Glancing at the front page of the Wall Street Journal on Friday, you might initially roll your eyes (yet another Google story) and then hungrily set in to read the mid-page column on the Google boys' new luxury Boeing 767-200 airplane.
It could be like a new reality show called "Lifestyles of the Rich and Nerdy: Google founders Larry Page and Sergey Brin start spending some of their combined net worth of $20 billion!" Woohoo!
But reading the detailed article (subscription required), you probably won't get a big fix of greedy opulence that's characteristic of those wealth-obsessed reality shows so popular in America.
Instead, what shines through, at least to me, are the personalities of Page and Brin--who are typically thrifty when it comes to spending on themselves. These are two 32-year-olds who've driven the environmental Toyota Prius and continued to live in apartments near Palo Alto even after they came into money. More than that, they are also idealistic, secretive, methodical, and of course, mathematical.
First, secretive. The purchase of the airplane first surfaced months ago on the blog of Jeff Nolan, a venture capitalist in Silicon Valley.
Even though the two Google founders keep their lives and their company's new products close to the vest, newsworthy tidbits often leak out somewhere in a kind of Karmic thumb-nosing at their clandestine efforts. The WSJ had to track down the purchase of the 767 from filings from Federal Aviation Administration documents, which were still inclusive. A phone number on the papers did lead the WSJ to Google CEO Eric Schmidt, however.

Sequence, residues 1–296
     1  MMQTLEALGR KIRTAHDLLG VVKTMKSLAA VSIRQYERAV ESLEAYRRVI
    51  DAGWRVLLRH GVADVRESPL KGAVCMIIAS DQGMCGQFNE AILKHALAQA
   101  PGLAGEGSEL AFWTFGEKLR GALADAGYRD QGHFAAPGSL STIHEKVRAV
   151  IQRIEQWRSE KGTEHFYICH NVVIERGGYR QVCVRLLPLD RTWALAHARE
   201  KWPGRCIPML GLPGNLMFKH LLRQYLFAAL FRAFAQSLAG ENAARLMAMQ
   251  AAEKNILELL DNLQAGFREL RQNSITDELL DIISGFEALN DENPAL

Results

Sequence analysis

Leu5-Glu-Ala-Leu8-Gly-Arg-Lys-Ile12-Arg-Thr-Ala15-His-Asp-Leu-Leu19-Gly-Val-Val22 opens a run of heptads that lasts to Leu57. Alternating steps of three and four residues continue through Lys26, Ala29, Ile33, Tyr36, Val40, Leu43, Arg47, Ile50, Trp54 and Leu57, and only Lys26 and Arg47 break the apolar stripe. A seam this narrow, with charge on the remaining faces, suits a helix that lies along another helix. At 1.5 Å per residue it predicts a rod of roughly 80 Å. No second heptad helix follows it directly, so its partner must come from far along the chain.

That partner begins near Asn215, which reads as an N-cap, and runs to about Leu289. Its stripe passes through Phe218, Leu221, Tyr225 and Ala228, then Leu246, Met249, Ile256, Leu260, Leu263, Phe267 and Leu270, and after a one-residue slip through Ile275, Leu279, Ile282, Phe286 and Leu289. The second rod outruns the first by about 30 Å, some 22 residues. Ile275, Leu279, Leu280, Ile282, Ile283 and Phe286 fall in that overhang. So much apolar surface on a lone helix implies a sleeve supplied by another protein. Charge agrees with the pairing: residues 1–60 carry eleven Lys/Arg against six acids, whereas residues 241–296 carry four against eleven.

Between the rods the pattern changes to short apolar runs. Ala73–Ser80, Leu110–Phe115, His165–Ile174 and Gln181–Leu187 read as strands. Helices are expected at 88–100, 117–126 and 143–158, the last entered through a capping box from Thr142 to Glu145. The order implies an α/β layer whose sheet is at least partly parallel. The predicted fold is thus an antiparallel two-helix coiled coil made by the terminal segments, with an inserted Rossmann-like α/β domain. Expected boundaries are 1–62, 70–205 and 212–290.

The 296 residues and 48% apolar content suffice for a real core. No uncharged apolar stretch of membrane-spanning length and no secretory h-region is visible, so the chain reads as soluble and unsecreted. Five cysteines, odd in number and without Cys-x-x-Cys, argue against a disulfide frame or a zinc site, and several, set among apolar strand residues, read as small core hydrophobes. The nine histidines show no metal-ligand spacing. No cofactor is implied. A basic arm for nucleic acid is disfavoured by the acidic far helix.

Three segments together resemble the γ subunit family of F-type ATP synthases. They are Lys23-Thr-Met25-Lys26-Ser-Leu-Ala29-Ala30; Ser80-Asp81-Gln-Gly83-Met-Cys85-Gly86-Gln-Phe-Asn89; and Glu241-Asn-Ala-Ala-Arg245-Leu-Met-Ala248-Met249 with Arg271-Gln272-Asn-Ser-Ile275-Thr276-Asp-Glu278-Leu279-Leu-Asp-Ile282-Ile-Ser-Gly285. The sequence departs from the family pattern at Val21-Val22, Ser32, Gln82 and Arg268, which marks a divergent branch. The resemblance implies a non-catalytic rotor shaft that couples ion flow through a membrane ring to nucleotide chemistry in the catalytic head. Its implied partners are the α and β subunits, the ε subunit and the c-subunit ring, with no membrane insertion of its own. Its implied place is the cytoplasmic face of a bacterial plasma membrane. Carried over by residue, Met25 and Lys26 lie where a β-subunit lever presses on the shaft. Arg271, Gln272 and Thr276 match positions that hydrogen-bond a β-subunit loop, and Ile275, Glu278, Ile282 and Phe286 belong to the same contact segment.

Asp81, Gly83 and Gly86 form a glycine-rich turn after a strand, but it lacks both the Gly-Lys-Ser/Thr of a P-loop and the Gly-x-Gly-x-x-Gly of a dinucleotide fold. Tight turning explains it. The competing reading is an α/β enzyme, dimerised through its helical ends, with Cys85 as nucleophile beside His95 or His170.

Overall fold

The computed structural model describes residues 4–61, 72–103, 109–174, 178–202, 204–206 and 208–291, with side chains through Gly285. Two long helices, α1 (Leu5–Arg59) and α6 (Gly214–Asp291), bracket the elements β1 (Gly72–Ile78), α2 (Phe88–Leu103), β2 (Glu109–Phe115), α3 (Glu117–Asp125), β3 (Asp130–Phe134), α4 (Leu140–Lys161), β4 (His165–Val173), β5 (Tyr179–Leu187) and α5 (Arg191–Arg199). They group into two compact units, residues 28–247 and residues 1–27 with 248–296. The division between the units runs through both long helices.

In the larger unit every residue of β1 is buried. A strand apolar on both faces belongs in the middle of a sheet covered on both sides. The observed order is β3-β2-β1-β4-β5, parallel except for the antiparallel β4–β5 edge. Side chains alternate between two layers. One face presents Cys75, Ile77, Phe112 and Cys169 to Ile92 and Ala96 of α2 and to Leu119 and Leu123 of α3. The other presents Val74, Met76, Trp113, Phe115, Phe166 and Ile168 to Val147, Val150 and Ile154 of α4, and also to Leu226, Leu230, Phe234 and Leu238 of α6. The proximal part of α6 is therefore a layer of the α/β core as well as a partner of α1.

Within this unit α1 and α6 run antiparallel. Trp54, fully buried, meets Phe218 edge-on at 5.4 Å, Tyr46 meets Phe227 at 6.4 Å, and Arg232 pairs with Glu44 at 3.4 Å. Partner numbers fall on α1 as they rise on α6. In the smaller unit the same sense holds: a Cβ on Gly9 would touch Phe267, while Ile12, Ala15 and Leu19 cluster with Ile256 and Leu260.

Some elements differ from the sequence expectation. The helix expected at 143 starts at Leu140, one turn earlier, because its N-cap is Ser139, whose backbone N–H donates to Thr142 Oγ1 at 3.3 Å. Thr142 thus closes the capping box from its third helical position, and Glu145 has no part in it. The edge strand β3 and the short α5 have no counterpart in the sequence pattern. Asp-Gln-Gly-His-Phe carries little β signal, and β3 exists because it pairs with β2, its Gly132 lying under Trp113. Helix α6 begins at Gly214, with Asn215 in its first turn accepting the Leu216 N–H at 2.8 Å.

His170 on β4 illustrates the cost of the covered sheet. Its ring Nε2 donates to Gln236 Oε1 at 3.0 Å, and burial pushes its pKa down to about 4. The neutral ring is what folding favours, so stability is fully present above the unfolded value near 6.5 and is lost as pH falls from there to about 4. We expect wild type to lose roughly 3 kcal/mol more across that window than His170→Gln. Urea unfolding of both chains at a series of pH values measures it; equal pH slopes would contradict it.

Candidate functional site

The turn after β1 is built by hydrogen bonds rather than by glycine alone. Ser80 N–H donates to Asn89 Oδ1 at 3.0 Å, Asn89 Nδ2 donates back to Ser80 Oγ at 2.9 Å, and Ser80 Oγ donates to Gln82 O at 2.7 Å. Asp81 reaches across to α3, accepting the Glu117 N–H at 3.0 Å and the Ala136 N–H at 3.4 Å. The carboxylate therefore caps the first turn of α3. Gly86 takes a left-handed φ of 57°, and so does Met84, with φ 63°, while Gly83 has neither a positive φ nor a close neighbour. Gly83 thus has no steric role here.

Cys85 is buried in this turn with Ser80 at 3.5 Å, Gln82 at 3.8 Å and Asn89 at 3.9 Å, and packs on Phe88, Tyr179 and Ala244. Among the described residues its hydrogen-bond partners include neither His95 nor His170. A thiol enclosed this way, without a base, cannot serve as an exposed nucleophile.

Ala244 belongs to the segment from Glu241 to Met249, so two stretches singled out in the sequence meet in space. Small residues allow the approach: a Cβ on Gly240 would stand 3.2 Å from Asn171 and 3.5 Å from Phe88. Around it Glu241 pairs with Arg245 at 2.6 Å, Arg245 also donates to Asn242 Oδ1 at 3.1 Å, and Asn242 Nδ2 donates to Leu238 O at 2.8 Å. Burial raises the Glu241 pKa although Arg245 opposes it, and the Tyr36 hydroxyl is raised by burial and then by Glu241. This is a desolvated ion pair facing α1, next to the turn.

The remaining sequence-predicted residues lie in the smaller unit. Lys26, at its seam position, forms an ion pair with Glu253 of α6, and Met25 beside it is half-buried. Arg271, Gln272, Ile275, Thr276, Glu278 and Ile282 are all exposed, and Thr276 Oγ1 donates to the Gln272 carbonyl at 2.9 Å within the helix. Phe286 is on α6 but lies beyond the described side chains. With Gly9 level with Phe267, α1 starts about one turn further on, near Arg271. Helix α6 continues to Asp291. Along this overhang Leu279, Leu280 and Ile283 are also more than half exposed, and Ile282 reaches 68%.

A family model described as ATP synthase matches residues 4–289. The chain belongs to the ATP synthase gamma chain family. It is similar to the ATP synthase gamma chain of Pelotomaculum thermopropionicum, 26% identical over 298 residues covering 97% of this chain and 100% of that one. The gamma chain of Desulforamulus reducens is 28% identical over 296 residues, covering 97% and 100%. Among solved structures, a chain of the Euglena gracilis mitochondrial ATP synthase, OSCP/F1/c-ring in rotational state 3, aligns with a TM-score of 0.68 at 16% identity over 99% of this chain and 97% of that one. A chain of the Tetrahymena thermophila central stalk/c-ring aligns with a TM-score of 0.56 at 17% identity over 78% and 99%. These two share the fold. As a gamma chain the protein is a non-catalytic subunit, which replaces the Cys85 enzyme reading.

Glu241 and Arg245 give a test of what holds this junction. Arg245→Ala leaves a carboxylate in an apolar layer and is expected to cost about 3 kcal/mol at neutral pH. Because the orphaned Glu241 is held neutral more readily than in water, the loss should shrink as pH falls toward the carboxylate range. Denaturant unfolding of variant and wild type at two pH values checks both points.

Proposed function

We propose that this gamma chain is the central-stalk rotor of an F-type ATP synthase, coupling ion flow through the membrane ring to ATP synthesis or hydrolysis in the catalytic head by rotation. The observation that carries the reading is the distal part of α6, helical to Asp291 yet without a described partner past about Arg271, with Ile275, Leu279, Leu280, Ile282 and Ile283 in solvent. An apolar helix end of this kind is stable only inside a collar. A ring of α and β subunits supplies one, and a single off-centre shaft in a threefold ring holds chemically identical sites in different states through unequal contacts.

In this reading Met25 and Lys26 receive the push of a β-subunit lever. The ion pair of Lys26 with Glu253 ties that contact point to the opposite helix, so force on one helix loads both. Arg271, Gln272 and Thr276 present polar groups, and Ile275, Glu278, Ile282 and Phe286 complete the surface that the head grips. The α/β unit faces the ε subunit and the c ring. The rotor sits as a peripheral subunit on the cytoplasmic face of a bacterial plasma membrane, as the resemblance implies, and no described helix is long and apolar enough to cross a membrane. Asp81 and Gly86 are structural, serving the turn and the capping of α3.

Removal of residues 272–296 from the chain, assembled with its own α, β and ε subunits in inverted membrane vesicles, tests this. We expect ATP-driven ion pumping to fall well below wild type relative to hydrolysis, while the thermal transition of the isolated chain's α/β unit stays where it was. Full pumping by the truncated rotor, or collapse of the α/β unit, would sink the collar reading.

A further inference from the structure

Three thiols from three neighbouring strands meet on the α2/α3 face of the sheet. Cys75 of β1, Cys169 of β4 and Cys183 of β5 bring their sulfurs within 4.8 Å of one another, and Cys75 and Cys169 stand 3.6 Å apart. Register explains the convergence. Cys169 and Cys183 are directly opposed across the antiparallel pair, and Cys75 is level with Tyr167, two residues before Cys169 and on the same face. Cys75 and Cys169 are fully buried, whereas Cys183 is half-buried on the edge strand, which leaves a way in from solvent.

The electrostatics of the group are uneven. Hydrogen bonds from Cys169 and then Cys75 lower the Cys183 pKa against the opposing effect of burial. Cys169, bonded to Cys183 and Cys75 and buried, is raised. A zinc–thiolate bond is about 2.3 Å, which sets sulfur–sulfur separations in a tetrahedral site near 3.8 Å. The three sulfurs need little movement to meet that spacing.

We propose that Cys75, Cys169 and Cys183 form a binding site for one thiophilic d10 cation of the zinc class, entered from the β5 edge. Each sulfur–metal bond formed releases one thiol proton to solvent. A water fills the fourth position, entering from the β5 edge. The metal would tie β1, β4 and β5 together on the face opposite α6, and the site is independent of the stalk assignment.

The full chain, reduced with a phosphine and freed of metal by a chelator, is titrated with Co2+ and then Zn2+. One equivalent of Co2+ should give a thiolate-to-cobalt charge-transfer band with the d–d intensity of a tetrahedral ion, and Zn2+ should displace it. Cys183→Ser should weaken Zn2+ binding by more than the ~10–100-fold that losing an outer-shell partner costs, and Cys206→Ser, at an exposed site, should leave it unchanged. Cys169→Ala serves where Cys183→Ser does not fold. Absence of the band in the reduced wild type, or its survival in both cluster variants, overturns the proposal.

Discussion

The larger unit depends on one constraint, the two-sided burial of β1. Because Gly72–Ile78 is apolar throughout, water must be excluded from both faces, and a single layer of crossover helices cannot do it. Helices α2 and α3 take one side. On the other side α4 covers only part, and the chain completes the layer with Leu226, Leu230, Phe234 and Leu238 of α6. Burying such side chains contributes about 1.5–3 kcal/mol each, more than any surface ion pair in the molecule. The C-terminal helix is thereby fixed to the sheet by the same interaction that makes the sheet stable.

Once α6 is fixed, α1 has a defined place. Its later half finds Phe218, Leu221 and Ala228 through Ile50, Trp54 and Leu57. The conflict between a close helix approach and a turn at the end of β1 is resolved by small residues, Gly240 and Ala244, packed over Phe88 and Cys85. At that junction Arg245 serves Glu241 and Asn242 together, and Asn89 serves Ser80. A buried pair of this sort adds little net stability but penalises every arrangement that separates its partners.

That's part of the fun of this type of story.
Frugal. In a world where CEOs buy brand new Gulfstream 550 business jets like they were toilet paper for the office, Larry and Sergey found a used beast of an airplane that typically flies 180 people, but when overhauled, could transport 50 people on long trips.
They reportedly paid under $15 million for the plane, but are likely paying tens of millions more to redo the interior for comfort. It will have two bathrooms, a shower and a large dinning room; and of course, Internet access. A Gulfstream costs roughly $45 million and transports about 15 people.
Idealistic. Larry Page, quoted in the article, said "part of the equation of this sort of machinery is to be able to take large numbers of people to places such as Africa. I think that can only be good for the world." The Google.org Foundation is currently doing philanthropic work in Africa.
Finally, methodical and mathematical. The plane is for personal use so the two Google founders likely calculated that for a roundtrip coast-to-coast flights it would cost them $260 per flight hours using the 767. With a Gulfstream V, it would cost $400 per flight hours. That's smart math.